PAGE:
#1. The building I work in houses the Somerville Council on Aging. They have accessible vans that shuttle senior citizens to and from the facility for meals, exercise classes, lunch, and a weekly bingo extravaganza. Because we all use the same elevator (I'm on the third floor and they are on the second floor) I've been watching this parade of the elderly as I take my smoke breaks for over 8 years and now and recognize the regulars. I know when one has been out for awhile, which ones are always cranky and sniping, and who always has a smile, no matter what daily pains they are enduring. Of all of the centers events, nothing pulls them in like Friday bingo. They start shuffling in at 10:00 for the 1:00 start to "get a good seat". Many use canes and walkers and a few have those scooters that are advertised on t.v. as being "free to most Medicare patients" (I heartily doubt that).
Part of me is glad to see them each week, but I must admit that my heart sinks if I am distracted enough to forget that a smoke break between 2:45 and 3:15 on a Friday will intersect with their mass exodus. And woe be to the person who comes between one of these ladies and their elevator ride. Even though they all seem to recognize me and often share light conversation in the elevator, they become aggressive and hostile if I've directed the elevator to go up to the third floor when they get on at the second floor and want to go down. Although the elevator is small, they pack into it and can take a full five minutes to disembark, occasionally pausing directly over the door frame as they try to decide where they're going to park while they wait for their ride or to catch their breath from the all the hubub of the days activities.
#2. How can you dislike a ritual that includes bouncing balls, flashing lights, free crap prizes, waves of blue hair, and the surreal sound of the caller, chanting "O-se-ven-tee-fiiive .... Ooooo se-ven-tee-fiiive"?
#3. In Massachusetts, it's often called beano, which is the original name, based on the fact that beans were used to mark the numbers when it first appeared in the States in the 1920's. Edwin Lowe spotted the game being played in Florida and took the idea to New York, where he produced his own variation of it. In the 1930's, he hired Carl Leffler, a Columbia University math professor, to create cards with enough number variations to keep the percentage of simultaneous winners low. One of the web sources says that Leffler subsequently went mad, a bizarre addition to Bingo lore and, with apologies to Mr. Leffler, I hope it's true.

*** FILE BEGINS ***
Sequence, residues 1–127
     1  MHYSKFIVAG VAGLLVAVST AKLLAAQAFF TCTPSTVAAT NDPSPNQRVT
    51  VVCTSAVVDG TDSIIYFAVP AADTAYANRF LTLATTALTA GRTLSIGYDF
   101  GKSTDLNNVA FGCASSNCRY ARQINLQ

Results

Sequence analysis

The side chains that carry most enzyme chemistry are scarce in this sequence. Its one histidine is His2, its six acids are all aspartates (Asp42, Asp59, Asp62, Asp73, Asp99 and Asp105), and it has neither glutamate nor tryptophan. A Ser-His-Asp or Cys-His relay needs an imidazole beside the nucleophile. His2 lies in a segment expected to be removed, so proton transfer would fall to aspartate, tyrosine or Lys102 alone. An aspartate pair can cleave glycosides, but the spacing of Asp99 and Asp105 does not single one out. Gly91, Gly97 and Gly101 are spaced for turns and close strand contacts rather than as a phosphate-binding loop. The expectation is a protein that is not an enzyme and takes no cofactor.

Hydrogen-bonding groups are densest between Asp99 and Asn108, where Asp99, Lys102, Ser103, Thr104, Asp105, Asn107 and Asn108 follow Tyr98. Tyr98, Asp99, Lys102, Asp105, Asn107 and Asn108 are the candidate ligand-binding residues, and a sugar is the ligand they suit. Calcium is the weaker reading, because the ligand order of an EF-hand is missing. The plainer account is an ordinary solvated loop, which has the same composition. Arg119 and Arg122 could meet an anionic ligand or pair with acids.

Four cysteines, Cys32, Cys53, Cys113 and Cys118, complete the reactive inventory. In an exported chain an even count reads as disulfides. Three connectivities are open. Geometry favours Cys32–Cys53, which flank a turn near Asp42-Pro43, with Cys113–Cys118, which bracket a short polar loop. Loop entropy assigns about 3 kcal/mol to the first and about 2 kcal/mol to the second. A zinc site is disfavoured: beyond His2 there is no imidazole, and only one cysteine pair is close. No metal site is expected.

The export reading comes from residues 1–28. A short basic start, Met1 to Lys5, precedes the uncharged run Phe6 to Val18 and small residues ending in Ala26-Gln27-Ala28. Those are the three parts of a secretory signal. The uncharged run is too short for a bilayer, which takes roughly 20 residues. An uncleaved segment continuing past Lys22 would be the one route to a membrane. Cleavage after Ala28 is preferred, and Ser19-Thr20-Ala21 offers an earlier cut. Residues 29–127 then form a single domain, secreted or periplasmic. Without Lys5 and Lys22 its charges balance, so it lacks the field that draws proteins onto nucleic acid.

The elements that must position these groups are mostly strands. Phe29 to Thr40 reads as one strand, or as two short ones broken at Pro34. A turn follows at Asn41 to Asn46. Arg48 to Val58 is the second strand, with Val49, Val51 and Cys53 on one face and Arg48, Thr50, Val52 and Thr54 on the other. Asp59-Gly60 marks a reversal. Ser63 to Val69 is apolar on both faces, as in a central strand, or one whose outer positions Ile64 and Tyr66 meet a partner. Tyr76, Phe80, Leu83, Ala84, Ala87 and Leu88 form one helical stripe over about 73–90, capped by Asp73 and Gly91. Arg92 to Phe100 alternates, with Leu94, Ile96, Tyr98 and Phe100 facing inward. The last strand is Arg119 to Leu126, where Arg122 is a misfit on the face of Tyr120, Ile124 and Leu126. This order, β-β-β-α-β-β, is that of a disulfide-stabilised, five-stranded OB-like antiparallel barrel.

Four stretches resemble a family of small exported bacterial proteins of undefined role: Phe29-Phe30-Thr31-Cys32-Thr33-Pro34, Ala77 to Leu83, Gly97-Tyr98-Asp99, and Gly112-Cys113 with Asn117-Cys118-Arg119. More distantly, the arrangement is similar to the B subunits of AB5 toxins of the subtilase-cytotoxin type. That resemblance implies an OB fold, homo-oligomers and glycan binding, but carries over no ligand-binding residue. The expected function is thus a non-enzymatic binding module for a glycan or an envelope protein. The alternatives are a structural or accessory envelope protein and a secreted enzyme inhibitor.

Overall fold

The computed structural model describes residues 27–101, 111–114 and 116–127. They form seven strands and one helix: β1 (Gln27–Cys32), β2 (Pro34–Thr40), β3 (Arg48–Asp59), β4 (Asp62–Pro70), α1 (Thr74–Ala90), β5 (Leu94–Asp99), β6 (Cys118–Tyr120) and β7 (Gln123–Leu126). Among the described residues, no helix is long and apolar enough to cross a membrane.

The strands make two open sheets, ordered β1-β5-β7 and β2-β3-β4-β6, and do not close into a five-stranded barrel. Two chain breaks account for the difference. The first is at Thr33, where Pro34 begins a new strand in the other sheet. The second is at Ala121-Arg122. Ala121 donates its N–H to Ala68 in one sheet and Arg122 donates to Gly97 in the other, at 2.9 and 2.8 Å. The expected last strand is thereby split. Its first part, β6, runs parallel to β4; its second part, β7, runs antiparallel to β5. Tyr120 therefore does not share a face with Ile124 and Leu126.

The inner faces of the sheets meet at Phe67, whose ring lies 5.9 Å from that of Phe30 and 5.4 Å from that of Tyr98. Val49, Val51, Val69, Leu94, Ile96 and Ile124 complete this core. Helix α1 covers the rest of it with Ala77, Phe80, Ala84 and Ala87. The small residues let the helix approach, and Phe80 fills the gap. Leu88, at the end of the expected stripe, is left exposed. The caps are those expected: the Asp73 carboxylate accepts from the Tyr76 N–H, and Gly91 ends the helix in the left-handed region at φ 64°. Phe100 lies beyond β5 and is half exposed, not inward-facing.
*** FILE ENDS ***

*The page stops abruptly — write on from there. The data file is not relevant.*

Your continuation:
#4. My mother was obsessed with church bingo and played it religiously (pun intended) for about 3 years. On occasion, my sister and I would go with her, Kathy with her flask of Southern Comfort (her addiction ode to Janis Joplin) and me with a joint or two. The rituals surrounding the game were ironically pagan-like for a catholic church sponsored function. My mother and the other ladies would flirt with the priests and preen for them, sniping over who had received more direct conversation with Father than the others. They would fight over a favorite seat, divine which were considered "lucky spots", and bring objects for luck, lining their totems up just so around their cards. In between the games, the priests would walk the aisles, selling lotto punch cards, a 60's predecessor to scratch tickets. I loved it, but for all the wrong reasons. Kathy and I, drunk and or high as we were, could never keep up with the fast pace of the games, so I would often just sit back and watch my mother , who could play 10 cards at once. She was angry when she lost, elated when she won, spending her winnings immediately on more cards for the next game or lotto punch tickets, where you punched out the hole and unfurled it like a tiny scroll to reveal the number on it, hoping it matched the card. She was a joy to watch. Her devotion to her rituals, the precise nature of her technique, and the orderliness of her process was my first inkling that my mother had a touch of obsessive-compulsive disorder, something that I've seen become magnified as the years pass.
#5. I've been trying to weasel me and my camera into the Somerville Council on Aging weekly bingo game for several years. I asked the director once if she thought it would be possible and she frowned, saying I'd need to get the OK from all of the participants and she was doubtful that they'd allow it. The closest I've come was about a year ago, when someone donated a new bingo machine to the center and they agreed to let me take pictures of it during setup. Once in, I recognized the woman behind the machine as one of the old-timey regulars and asked if she'd mind appearing in a few of my photos. When I was finished with her and the machine, I wandered for a minute and took a few pics of the cards. I've since used those photos in several collages, such as "still life #14" and "mystic river dreaming of mother".
Still Looking For The "Next"
1 month ago